Case Report and Review

Primary Angioplasty and Later Elective Multivessel Stenting in a Patient with Dextrocardia: A Case Report and Literature Review

Elbagir Elbasheer, MRCP, MRCPI, MSc, MC, Abdelhakim Habib, MC, Adil Salam, MC
Elbagir Elbasheer, MRCP, MRCPI, MSc, MC, Abdelhakim Habib, MC, Adil Salam, MC
ABSTRACT: Dextrocardia is a rare congenital anomaly with a prevalence of 1 in 10,000 births.1 The incidence of coronary artery disease in such patients is thought to be similar to that of the general public,2 however, patients are seldom seen during routine clinical practice and at the cardiac catheterization laboratory. Patients with this condition and acute myocardial ischemia may pose challenges at presentation, clinical and diagnostic findings and at cardiac catheterization. In this report, a male patient presenting with acute inferior myocardial infarction and three-vessel coronary artery disease was managed successfully with emergency primary angioplasty and later elective multi-vessel stenting. This is the first combined primary and later multi-vessel stenting to be reported in a single patient with dextrocardia and situs inversus. The clinical findings, details of the procedures and literature review will be discussed.

J INVASIVE CARDIOL 2010;22:E125–E128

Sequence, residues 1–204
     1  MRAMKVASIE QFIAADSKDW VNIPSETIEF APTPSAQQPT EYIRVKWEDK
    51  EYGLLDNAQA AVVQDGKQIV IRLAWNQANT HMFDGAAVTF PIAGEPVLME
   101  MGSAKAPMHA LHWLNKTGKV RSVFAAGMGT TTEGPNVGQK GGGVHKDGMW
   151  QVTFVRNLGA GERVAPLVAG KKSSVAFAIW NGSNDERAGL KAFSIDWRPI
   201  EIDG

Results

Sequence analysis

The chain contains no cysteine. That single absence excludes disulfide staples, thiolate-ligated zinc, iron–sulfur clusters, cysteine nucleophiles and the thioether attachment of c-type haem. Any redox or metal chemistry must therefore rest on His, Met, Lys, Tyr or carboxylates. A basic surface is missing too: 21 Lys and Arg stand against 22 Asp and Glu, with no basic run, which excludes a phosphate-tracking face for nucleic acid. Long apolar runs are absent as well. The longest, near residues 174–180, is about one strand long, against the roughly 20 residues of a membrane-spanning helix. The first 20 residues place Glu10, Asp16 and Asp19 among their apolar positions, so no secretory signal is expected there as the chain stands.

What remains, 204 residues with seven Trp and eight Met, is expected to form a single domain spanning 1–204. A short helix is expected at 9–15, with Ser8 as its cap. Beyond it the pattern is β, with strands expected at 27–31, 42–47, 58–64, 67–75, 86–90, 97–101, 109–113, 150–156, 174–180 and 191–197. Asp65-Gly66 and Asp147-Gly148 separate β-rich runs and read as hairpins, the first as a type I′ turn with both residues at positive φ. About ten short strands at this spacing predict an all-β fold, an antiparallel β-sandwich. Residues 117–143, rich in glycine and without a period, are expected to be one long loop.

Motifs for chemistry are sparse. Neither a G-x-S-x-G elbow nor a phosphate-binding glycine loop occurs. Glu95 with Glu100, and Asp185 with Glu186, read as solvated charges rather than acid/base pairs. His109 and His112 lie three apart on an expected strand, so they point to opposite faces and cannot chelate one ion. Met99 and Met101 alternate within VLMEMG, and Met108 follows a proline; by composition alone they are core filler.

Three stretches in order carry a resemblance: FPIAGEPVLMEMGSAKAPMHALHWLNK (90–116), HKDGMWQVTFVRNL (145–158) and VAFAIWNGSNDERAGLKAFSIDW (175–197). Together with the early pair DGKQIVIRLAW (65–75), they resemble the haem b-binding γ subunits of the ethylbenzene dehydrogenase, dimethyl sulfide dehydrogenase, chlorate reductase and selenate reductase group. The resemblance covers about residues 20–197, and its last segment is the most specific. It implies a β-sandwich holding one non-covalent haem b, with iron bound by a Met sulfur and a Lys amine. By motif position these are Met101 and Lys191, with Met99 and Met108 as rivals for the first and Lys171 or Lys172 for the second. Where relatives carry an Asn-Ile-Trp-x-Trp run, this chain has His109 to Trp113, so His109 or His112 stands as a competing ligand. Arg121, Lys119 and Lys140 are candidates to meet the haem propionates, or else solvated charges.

Key words: Dextrocardia, acute MI, emergency angioplasty, inferior MI, multivessel stenting, three-vessel disease    Case Report. A 55-year-old diabetic Asian male previously diagnosed with dextrocardia, presented with acute right-sided chest pain. He was a lifelong non-smoker with normal serum lipids and no family history of premature coronary artery disease.    He described the right-sided chest pain as severe and crushing and radiating into the right arm and shoulder. Initially, he was seen at a local facility where a left-sided 12 lead ECG was obtained (Figure 1). This showed negative P wave in leads 1 and aVL and reversed R wave progression across the anterior leads. There was minimal ST depression and T wave inversion in the anterior leads.    Loading doses of aspirin and sub-lingual nitrate were given with no relief of symptoms. He was then transferred to our service with a working diagnosis of unstable angina. Upon arrival, he was hemodynamically and electrically stable with pain severity of 8/10. Immediately a 12 lead right-sided ECG with limb leads reversal was obtained (Figure 2). This showed ST-segment elevation of the inferior leads, reciprocal ischemic changes in the lateral leads, positive P waves in leads 1 and AVL and normal progression of R waves across the anterior leads. A portable chest X-ray (Figure 3) showed a right-sided cardiac shadow and aortic knuckle. Gastric air was seen below the right hemi-diaphragm. A diagnosis of acute inferior myocardial infarction was made and the patient was emergently transferred to the cardiac catheterization laboratory for primary angioplasty. 600 mg clopidogrel was loaded.    Angioplasty procedure and technique. The procedure was done through the right femoral approach with a 6 French system (Fr) and a biplane Siemens image intensifier (Siemens Healthcare, Mountain View, California). The right-sided, morphologically left coronary artery was engaged in the antero-posterior position with a Judkins left (JL4) catheter.    Initially, spontaneous catheter engagement failed and the ostium was then successfully engaged with clockwise rotation of the catheter at the level of the ostium. This revealed significant stenosis of the mid segment of the left anterior descending artery (LAD). The left circumflex artery (LCX) in the grove, recognized by localizing the coronary sinus at the late venous phase of contrast injection, was small and moderately diseased. The obtuse marginal (OM) was a descent caliber vessel with significant stenosis at its proximal part (Figures 4 and 5).    The left-sided anatomically right coronary artery was then negotiated in the right anterior oblique (RAO 40°) angle view using a Judkins Right guiding catheter (JR4). Gradual withdrawal with counter-clockwise rotation was successful to engage the ostium of the vessel. The vessel was totally occluded from its proximal part (Figure 6). We proceeded to angioplasty, heparin was loaded and a Balanced Middle Weight wire (BMW, Abbott Vascular, Santa Clara, California) was steered through the lesion flipping between the simultaneous biplane RAO and LAO views to monitor its progress through the anatomical path of the vessel. The RAO view, however, was the best to show the full profile of the vessel. The wire was then secured to the distal vessel. Multiple balloon dilatations uncovered a long segment of disease extending from the proximal vessel to just before the bifurcation (Figure 7). Two overlapping 2.75 x 18 (distal) and 3.0 x 18 mm (proximal) Endeavor drug-eluting stents (Medtronic, Santa Rosa, California) were deployed with the distal stent the first to be deployed. The area of overlap was taken up by a bigger size non-compliant balloon with excellent radiological result (Figure 8). The procedure was well tolerated and subsequent hospital stay was unremarkable. The patient was readmitted after couple of months for elective stenting of the other two coronaries.    Second elective procedure. The diagnostic part of this was similar to the first procedure. A re-look at the previously stented RCA demonstrated a widely patent vessel and stents (Figure 9). Then our attention was focused on the left system.    An Extra Back-up (EBU) guiding catheter (Medtronic) was used to engage the left system with clockwise rotation in the AP (antero-posterior) view. Due to vessel overlap, we have to stent flipping between the LAO 10 Caudal 40 view (which shows the proximal end of the lesion)(Figure 4) and the AP cranial 40 (which shows the distal end of the lesion) (Figure 5). Using these two views, the mid LAD lesion was crossed and dilated and then stented with 3.0 x 24 mm Endeavor stent with excellent radiographic outcome (Figure 11).    The LCX/OM was stented in the LAO 10 Caudal 40 with provisional stenting as the intended plan. Two BMW wires were passed into the LCX and OM (Figure 10). A small balloon was passed with difficulty to dilate the LCX and then the OM was pre-dilated and stented with a 2.75 x 18 Endeavor stent. No plaque shift was observed in the LCX and its wire was then pulled out. The stent was further post dilated with higher pressure noncompliant balloon with excellent result (Figure 11). The procedure was uncomplicated. The patient was discharged on aspirin 75 mg, atorvastatin 80 mg, an ACE Inhibitor and a beta-blocker. A long course of clopidogrel 75 mg was also prescribed. The patient remained symptom free at 6-month follow up.    Discussion. Dextrocardia is referred to as the deviation of the heart to the right hemi-thorax. There are several classifications of the condition with classification according to the viscero-atrial situs (the position of the viscera, atria and great vessels) the simplest and the most commonly adopted one.3 According to this, three types of the condition are recognized: dextrocardia with situs solitus (also called dextroversion), dextrocardia with situs inversus (mirror image dextrocardia) and dextrocardia with situs ambiguous or indeterminate. In all 3 types the atria are located dorsal to the ventricles attached to the great vessels. In both the solitus and inversus types the whole heart is shifted to the right hemi-thorax and the visceral situs is concordant to the atrial situs, while in dextrocardia ambiguous, the heart location is variable and there is no consistency of the viscero-atrial situs. In situs soiltus, the viscera (the stomach and liver) are located in their normal anatomical position, the anatomical left atrium is located to the left of the anatomical right atrium and the origins of the coronary arteries are close to their normal position. The aorta is left sided as in normal anatomy. The reverse is true in dextrocardia with situs inversus, where the anatomical location of the viscera, atria, the aorta and the coronaries are reversed. This configuration makes engagement technique during cardiac catheterization different than the usual technique used when heart anatomy is normal.    Clinical aspects of dextrocardia. In dextrocardia with situs inversus, the incidence of other cardiac malformations is around 3%.4 These patients have a relatively normal life span and low morbidity unless their condition is associated with the rare immotile cilia syndrome (Kartagener’s Syndrome) where repeated chest infections can be associated with significant morbidity. The incidence of Kartagener’s syndrome in dextrocardia with situs inversus is estimated at 15%.4 The incidence of congenital heart disease in patients with dextrocardia and situs solitus is quite common and is associated with significant mortality and morbidity and shortening of life span.    The prevalence of coronary artery disease in dextrocardia patients is thought to be similar to the general population,2 however, unlike normal patients the ischemic chest pain is commonly right sided and may radiates to the right upper arm and shoulder.6–14 This may pose difficulty in early detection of the nature and origin of chest pain.    ECG in dextrocardia. The left-sided 12 lead ECG typically shows progressive loss of the height of the R wave from right towards the left located leads with or without loss of voltage. The P-wave axis is a reliable indicator of viscero-atrial situs with a negative P-wave axis in the left sided leads (leads 1 and AVL) in patients with situs inversus and positive deflection in normal individuals and patients with situs solitus.    The diagnosis of acute MI and the extent of myocardial ischemia can easily be missed or underestimated (as seen in this case and other cases),11–14 unless a reversed right-sided ECG with reversed limb leads is obtained. This reversed leads technique will also correct for the P-wave axis and normalize the R-wave progression across the chest leads.    Coronary angiography and dextrocardia. Coronary angiography in patients with dextrocardia can be a challenge due to the abnormal anatomical location of the heart, coronary arteries and the aorta. These challenges involve choice of catheters, engagement technique, radiological orientation of anatomy and appropriate radiological angles and views.    The first cardiac catheterization in such patients was described by Richardson in 1974 in a patient with ventricular aneurysm prior to surgical repair.5 First angioplasty procedure was reported by Moreyra in 1987.6 Since then few cases of elective angioplasty and stenting were reported.7–10 Three cases of primary angioplasty were reported in patients with dextrocardia and situs inversus11–13 and one report of primary angioplasty in a patient with situs solitus.14 Two-vessel stenting was described by Hung-Shun Lo in 2004.9    To the best of our knowledge, this is the first successful combined primary angioplasty and later multi-vessel stenting to be reported in a single patient with mirror image dextrocardia. In 1987 Moreyra reported difficulty in using the regular Judkins catheters and advocated multi-purpose catheters; however in most following reports,7–10 and in this case, regular Judkins catheters were used without difficulty. The only reason we chose to use an EBU guiding catheter in the second procedure was that we anticipated the need for catheter support dealing with the left system disease, however the engagement technique was the same. Most authors recommended reversed catheter rotation to engage the coronary arteries, i.e., counter-clockwise rotation for the RCA and clockwise rotation — if needed — for the LMS. This was the technique adopted for engagement of both vessels in this case.    Goel et al15 suggested a double inversion technique with left/right and horizontal reversal of the radiological image intensifier to correct for the unfamiliar mirror image views. In our experience we found this unnecessary and simple right /left reversal is enough for appropriate anatomical orientation. We found that the conventional RAO view (reversed LAO) and the straight lateral view were the best views for stenting the RCA. We recommend the straight lateral view to easily identify the anatomical LAD. In this view the LAD will appear anterior to the cardiac silhouette. The angle for stenting the LAD will depend on vessel overlap and the segment involved. We found it quite useful to visualize the coronary sinus by filming to the late venous phase of contrast injection to identify structures related to the atrioventricular grove.    Conclusion. In patients with dextrocardia and situs inversus the clinical presentation and findings may be different than those encountered in patients with left-sided hearts. The chest pain is typically right-sided and the conventional left-sided ECG may not demonstrate the true extent and nature of the disease. This can lead to misdiagnosis and considerable delay in swift triage and delivering the urgent and necessary treatment for these acutely sick patients.    Acute and multivessel stenting in patients with dextrocardia is feasible and can easily be performed with conventional catheters with appropriate reversed rotation. Radiological views with simple right/left reversal, is all that is required for proper anatomical orientation. We hope this case will add important information to the literature in this area. From Saad Specialist Hospital, Khobar, Saudi Arabia. The authors report no financial relationships or conflicts of interest regarding the content herein. Manuscript submitted November 10, 2009, provisional acceptance given November 30, 2009, final version accepted December 28, 2009. Address for correspondence: Elbagir Elbasheer, MRCP, Former Consultant Interventional Cardiologist at Saad Specialist Hospital, P.O. Box 30353, Al-Khobar 31952, Kingdom of Saudi Arabia. (currently Consultant Cardiologist at Sudan Heart Centre, Khartoum, Sudan) E-mail: elbagire@gmail.com References